During the past 50 years the natural holes in trees have been reduced in numbers by removal of dead and dying trees which provided cavities for many animals, including bats. In Europe bird boxes have been used for about a century. Since the late 1930's, European bat biologists have provided a variety of boxes and houses for bats. The success of these artificial bat roosts has encouraged English and American investigators to experiment further (Fig. 17). The English bat biologist, Stebbings (1974), stated that "Although insufficient knowledge is known about the critical roost requirements of bats, they can be attracted to roosting boxes attached to trees. These boxes simulate tree holes (like bird boxes) and can be used by large numbers of bats of most species. One box of about 10 cm cube can hold up to 50 bats." Krzanowski (1955) has had excellent results with bat boxes in Poland.
Since the use of bat houses or boxes is new in the United States there is much to be learned. The two models (Fig. 21) have been used successfully in Europe. Suggestions for building bat houses and attracting bats are provided by Tuttle (n. d.). Size and shape do not appear important but the width of the entry space should not exceed 2.5 cm (1 in.). All inner surfaces must be roughened so that the bats can easily climb. Because inside house temperatures should not exceed 32° C (90° F) the box should be insulated by covering the top and sides with tarpaper, styrofoam, or even painted black to absorb the heat from the sun and provide a suitable temperature at night, especially for a maternity colony. Bat houses should be securely fastened to the side of a building or tree trunk 3-5 m (12-15 ft) above the ground and protected against birds and squirrels.
|Fig. 21. European bat houses. (Courtesy of Merlin D. Tuttle)|
Food supplies must be adequate and bat boxes should be located near some water where insect populations are abundant. Sometimes a bat house may be occupied within weeks after it is erected, preferably by early April, or it may take a year or more for bats to find, approve, and move into a bat house. A well-insulated box located near water, securely fastened, and protected against wind, predators, and direct sunlight increases the chances of early occupancy.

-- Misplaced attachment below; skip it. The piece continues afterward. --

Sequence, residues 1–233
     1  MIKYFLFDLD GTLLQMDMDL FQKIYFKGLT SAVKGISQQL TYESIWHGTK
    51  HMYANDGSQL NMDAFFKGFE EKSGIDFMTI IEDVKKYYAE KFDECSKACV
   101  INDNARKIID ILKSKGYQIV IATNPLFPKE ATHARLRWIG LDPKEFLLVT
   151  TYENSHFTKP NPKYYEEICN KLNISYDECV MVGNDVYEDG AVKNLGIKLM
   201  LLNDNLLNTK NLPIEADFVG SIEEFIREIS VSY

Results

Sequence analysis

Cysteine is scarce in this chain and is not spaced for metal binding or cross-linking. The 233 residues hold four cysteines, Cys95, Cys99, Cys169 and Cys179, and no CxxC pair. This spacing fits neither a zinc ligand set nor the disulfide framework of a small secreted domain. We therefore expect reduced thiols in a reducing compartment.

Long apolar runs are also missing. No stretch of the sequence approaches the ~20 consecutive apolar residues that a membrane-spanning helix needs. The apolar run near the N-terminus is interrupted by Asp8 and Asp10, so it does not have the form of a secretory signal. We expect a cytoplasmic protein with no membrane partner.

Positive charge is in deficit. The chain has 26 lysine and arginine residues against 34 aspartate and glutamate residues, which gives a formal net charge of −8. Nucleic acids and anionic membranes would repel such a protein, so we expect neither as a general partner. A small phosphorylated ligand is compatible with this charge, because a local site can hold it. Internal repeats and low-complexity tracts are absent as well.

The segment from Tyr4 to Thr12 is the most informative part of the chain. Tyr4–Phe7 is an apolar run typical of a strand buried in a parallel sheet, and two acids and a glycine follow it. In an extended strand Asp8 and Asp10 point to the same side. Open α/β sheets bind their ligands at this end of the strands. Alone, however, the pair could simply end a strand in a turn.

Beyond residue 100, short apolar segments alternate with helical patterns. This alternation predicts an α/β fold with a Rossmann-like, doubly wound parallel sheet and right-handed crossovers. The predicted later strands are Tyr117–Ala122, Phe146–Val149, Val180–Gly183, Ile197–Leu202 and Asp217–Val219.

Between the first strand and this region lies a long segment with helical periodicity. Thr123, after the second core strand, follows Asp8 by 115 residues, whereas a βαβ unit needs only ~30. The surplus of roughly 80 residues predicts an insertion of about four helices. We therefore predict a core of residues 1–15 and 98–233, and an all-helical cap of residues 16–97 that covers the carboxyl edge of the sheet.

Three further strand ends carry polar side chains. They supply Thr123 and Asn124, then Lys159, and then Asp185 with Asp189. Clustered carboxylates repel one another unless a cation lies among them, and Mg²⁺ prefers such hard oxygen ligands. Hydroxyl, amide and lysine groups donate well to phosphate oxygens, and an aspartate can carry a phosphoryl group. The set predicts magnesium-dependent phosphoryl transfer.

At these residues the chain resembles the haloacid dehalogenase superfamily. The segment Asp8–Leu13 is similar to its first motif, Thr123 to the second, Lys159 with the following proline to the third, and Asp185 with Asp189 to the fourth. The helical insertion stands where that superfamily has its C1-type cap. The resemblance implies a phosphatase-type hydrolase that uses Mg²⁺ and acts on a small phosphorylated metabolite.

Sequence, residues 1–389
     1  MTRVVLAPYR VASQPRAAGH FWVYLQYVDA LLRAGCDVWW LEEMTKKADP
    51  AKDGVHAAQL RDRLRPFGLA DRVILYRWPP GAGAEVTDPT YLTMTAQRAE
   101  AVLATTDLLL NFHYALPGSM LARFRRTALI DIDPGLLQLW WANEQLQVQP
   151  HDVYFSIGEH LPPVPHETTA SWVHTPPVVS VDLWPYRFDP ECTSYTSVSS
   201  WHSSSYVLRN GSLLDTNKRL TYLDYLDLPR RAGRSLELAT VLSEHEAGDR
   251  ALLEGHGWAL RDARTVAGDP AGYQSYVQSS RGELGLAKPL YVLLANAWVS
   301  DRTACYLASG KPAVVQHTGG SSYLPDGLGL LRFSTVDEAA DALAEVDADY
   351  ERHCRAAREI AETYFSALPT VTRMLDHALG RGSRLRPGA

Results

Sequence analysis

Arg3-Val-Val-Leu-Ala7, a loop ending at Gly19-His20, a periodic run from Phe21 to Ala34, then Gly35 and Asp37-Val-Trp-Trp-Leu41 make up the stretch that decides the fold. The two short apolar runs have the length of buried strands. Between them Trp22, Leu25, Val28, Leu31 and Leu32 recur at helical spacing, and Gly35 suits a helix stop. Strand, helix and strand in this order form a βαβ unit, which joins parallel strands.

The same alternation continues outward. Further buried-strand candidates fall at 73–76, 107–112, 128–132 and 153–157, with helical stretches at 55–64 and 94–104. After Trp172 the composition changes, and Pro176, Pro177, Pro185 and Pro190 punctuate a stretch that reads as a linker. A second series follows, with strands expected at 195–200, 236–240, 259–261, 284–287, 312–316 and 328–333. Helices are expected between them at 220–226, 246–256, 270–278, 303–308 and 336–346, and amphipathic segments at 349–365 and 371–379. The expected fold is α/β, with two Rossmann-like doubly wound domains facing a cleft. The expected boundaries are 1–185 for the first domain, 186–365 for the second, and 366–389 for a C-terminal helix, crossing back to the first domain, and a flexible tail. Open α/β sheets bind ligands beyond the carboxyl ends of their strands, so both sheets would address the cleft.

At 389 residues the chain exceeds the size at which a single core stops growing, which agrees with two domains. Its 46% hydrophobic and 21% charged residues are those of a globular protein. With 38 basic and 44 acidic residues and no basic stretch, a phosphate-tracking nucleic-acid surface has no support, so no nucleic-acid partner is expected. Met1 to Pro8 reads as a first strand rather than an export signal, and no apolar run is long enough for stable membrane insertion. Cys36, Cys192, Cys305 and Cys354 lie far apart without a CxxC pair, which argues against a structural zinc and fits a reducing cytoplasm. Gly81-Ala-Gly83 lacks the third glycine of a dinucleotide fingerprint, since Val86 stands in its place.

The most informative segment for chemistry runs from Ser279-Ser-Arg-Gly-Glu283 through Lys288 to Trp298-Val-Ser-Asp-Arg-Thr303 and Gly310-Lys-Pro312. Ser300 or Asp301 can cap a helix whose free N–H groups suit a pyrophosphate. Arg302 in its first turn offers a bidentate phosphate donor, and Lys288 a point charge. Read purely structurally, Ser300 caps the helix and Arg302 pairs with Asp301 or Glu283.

The Missouri Department of Conservation reported that some private citizens designed and built a large structure called a "bat refuge" (Fig. 22) that was attractive to little brown bats and quickly occupied (LaVal and LaVal 1980). This artificial bat roost is located at Tea Lakes Wildlife Area, near Rosebud, Gasconade County. It was erected during the spring of 1979 and was used later by a maternity colony of at least 78 little brown bats during the summer of 1979. The colony originally occupied a picnic shelter close to where the artificial roost was built (note the picnic shelter in the background of the photograph). The picnic shelter caretaker gradually stopped up holes and cracks to encourage the bats to move. It is not known why the bats moved but it is believed that they were possibly attracted to the refuge by spraying it with a guano solution. R. K. LaVal (personal communication) suggested that the roost (Fig. 23) be modified by reducing the spaces at the bottom between the dividers to less than 2.5 cm (1 in.), making slit openings into the air space under the roof which should make the roost more suitable for maternity use by the bats, and by raising the structure to reduce disturbance from people, dogs, and other organisms.
|Fig. 22. Artificial bat roost built by private citizens at Tea Lakes Wildlife Refuge Area near Rosebud, Missouri. (Photo by Richard K. LaVal)|
|Fig. 23. Artificial bat refuge (bottom) at Tea Lakes Wildlife Area near Rosebud, Missouri. (Photo by Richard K. LaVal)|
Plans based on this successful but experimental bat house were developed by the Missouri Department of Conservation (G. T. Maupin, personal communication). The Department is currently implementing plans to design, build, and field test additional bat refuge structures, to be able to offer a viable alternative to the extermination or exclusion problem of bats in buildings (LaVal and LaVal 1980).